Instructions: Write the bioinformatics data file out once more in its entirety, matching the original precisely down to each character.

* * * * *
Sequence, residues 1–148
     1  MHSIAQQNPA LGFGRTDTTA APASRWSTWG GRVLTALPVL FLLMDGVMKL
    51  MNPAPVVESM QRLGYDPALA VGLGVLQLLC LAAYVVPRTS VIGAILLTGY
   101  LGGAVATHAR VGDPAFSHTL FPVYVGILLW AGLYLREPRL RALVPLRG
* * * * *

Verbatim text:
Sequence, residues 1–148
     1  MHSIAQQNPA LGFGRTDTTA APASRWSTWG GRVLTALPVL FLLMDGVMKL
    51  MNPAPVVESM QRLGYDPALA VGLGVLQLLC LAAYVVPRTS VIGAILLTGY
   101  LGGAVATHAR VGDPAFSHTL FPVYVGILLW AGLYLREPRL RALVPLRG